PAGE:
Topic Oct/Nov 2021. Andrew Belton has appeared before on these pages in Tasting Adventure and Revolution regarding his adventures in Morocco in 1908. From what has been written about him in various places (most of it based on his own versions) he appears to have had a very adventurous life. The very reliable pioneer Frontiersman Robert A. Smith in a letter described Belton as “a human kaleidoscope” and “not invariably accurate in his facts”. ¹ He was born in 1882 and at the age of 17 left home to join the Imperial Yeomanry serving in South Africa. In March 1908 he arrived back in London, according to him “full of malaria”. After the South African War he had served in the Natal Police where he claimed to have risen to the rank of captain. He was also a pioneer Frontiersman in South Africa. In his “Chorus to Adventurers”, Roger Pocock records “Sergeant” Belton, the Treasurer of Capetown Command, arriving at 6 Adam Street and producing an efficient copy of the accounts.² A reference in a newspaper to a rebellion in Morocco caused this adventurous young man to travel there without informing his family. In later life he gave a rather colourful and glamorised version of his Moroccan adventures to a South African newspaper “Southern Cross”: ³ Continue reading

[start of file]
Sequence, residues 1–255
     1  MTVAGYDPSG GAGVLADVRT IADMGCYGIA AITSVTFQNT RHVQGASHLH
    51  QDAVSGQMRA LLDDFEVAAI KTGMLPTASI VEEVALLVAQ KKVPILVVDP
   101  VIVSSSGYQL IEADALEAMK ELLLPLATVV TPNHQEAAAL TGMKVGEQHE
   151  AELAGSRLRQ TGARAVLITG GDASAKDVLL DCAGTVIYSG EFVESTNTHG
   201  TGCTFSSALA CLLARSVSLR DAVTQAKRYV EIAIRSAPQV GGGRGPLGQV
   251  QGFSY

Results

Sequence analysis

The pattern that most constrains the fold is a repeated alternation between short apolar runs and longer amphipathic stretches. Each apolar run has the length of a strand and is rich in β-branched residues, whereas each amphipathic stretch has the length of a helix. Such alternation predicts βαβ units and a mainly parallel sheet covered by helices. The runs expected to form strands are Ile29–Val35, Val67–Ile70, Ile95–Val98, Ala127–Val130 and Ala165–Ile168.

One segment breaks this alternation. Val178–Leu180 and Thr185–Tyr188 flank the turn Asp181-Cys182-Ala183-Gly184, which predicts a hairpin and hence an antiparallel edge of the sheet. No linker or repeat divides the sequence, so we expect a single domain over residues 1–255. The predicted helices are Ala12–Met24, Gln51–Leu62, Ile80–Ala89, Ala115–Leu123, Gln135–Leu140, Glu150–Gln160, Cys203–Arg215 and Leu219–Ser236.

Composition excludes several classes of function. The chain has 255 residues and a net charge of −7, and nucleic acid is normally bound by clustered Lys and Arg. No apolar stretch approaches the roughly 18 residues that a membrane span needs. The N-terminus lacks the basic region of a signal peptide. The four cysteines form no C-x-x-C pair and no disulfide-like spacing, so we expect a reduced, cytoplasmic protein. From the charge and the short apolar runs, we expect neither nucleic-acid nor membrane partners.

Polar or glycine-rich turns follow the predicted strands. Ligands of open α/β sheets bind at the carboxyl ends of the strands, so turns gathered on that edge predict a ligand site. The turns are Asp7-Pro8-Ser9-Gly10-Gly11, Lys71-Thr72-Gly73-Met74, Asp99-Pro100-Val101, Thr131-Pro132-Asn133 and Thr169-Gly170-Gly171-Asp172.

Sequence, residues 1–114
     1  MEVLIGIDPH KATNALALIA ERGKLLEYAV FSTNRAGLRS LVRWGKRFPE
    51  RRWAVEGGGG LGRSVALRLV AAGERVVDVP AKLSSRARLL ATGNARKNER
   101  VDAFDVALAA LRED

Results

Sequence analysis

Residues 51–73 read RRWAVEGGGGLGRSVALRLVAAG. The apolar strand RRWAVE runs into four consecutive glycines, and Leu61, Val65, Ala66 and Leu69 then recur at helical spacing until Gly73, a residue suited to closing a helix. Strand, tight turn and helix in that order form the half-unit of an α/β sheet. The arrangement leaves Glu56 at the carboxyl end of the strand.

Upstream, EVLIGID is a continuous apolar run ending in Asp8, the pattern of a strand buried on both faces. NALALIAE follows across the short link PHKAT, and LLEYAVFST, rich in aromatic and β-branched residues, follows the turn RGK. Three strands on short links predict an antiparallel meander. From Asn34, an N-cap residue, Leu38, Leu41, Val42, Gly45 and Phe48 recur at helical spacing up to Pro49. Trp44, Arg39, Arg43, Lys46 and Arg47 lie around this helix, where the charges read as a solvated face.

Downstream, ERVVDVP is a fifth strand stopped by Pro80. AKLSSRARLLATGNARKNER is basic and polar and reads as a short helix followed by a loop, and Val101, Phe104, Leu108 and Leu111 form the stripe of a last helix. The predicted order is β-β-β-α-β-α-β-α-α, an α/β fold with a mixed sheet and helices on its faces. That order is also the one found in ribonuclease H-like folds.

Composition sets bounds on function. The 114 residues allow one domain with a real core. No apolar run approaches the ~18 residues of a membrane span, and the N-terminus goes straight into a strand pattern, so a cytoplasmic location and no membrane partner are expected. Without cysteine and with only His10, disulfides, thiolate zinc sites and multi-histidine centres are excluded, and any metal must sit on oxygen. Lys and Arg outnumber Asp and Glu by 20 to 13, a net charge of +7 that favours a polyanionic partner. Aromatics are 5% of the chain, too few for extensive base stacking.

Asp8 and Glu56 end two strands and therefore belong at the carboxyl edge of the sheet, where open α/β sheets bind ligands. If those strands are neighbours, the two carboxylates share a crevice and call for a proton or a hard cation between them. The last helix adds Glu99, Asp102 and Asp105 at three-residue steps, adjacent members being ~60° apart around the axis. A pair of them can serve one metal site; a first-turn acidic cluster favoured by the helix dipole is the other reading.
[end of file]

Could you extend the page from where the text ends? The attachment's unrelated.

Canadian Division UK Belgium Sept 1964
Topic August / September 2021. We show on this website how busy the Frontiersmen have always been both in war and peace. They have carried out many duties and served their communities and their countries. Behind the scenes, not everything went smoothly. This time we will take a look at the disciplinary files. We will not be giving names and the events described all happened fifty and more years ago.